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Staying Competitive: Five Must-Ask Questions for Your Recruiting Strategy

Strategy“We need new people practices. Nothing has changed in HR as far as our people practices,” Mara Swan said during her session “Linking Your Recruitment Strategy to Your Business Strategy” during the recent ERE Recruiting Conference & Exposition in San Diego.

According to the EVP of global strategy and talent for Manpower Group, the problem with many companies’ current recruiting efforts is that they are no longer relevant in the current workforce climate. The old way of doing things is no longer sufficient in today’s workforce. The labor market has gotten tighter, workers have more choices as to how they want to work (thanks in large part to technology that enables them to work more independently), and the demand for talent far outweighs the supply in many industries.

Therefore, the challenge employers have today is figuring out how to remain competitive and execute their business strategies in the face of a talent shortage. To do this, Swan suggests starting with the following five questions:

  1. Do I understand the shift my company needs to make to remain competitive?
  2. Do I know the jobs that drive time to value in my company?
  3. Do I know what mindset and capabilities are required?
  4. Are our work models and people practices robust enough to attract and retain the talent we need to be competitive?
  5. Am I doing what is needed to ensure our talent strategy is connected to our business strategy?

The answers to these questions provide the information companies need to understand their needs and align their recruiting strategies with their business strategies.

In addition to understanding the internal forces that affect their business, employers must also consider the external factors as well. In other words, they need to synchronize their recruiting strategies with the supply and demand of available talent (something only 41 percent of companies currently do, according to Manpower’s research).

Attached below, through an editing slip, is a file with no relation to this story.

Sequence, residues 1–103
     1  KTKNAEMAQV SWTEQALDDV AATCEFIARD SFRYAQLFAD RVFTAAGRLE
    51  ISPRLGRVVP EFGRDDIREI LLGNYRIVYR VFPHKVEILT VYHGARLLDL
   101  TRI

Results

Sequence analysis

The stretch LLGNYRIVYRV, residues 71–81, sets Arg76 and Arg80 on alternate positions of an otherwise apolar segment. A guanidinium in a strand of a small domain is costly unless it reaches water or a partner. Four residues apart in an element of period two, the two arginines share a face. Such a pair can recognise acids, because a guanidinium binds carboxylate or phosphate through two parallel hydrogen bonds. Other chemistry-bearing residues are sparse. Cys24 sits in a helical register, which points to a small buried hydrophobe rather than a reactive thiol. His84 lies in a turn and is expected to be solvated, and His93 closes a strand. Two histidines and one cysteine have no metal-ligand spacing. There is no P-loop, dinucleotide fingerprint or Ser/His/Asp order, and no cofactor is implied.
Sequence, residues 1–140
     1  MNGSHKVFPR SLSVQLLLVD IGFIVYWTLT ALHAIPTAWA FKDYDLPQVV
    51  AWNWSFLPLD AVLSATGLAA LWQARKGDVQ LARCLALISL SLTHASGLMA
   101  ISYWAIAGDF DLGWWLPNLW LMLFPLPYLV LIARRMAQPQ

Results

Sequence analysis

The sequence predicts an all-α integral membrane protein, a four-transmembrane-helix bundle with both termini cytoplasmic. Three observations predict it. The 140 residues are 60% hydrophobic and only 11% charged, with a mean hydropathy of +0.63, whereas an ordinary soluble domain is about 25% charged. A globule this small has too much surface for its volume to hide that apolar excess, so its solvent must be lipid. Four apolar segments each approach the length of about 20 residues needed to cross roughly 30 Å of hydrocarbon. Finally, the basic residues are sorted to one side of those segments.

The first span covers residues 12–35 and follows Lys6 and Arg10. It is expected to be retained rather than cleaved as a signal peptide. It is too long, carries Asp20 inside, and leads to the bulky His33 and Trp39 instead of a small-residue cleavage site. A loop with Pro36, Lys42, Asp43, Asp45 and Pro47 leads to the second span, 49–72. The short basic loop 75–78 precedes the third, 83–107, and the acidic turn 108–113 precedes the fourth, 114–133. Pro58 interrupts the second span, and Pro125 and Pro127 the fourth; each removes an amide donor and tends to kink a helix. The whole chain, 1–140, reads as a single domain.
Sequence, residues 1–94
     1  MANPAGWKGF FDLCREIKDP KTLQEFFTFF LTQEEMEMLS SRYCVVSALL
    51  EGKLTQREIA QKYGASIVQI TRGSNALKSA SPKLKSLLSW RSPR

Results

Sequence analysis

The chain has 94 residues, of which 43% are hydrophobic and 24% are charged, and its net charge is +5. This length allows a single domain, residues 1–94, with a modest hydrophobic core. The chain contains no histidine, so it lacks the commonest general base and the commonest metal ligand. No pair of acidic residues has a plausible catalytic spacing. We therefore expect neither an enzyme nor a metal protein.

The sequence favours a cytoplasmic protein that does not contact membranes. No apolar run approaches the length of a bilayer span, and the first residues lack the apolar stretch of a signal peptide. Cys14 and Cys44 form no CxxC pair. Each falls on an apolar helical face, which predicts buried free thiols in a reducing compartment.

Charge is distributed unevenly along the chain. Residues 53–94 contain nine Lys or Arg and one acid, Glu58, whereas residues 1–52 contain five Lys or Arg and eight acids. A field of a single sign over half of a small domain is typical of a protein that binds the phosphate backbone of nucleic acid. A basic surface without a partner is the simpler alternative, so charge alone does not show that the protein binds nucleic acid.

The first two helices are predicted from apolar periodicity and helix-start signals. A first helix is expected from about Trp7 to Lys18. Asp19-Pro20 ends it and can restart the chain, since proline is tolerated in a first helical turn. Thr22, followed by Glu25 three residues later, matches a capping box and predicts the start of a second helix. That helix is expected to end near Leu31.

“Your recruitment strategy should really be in terms of supply and demand,” Swan says. Understanding the current state of the where the current (and future) supply of talent is versus the demand will help you make more efficient decisions in terms of where to allocate your recruitment marketing dollars. (A tool such as CareerBuilder’s Supply & Demand Portal, for instance, reveals where the supply for specific jobs and skills is the greatest, where demand is highest and who else is competing for the same workers, all of which helps you zero in on the best places to recruit.)

In short, the old way of doing things in recruitment no longer applies in the current workforce climate. If jobs are going unfilled, that should be a wake-up call that something about the strategy needs to change. It’s time to rethink recruitment.

Mary Lorenz

About Mary Lorenz

Mary is a copywriter for CareerBuilder, specializing in B2B marketing and corporate recruiting best practices and social media. In addition to creating copy for corporate advertising and marketing campaigns, she researches and writes about employee attraction, engagement and retention. Whenever possible, she makes references to pop culture. Sometimes, those references are even relevant. A New Orleans native, Mary now lives in Chicago, right down the street from the best sushi place in the city. It's awesome.


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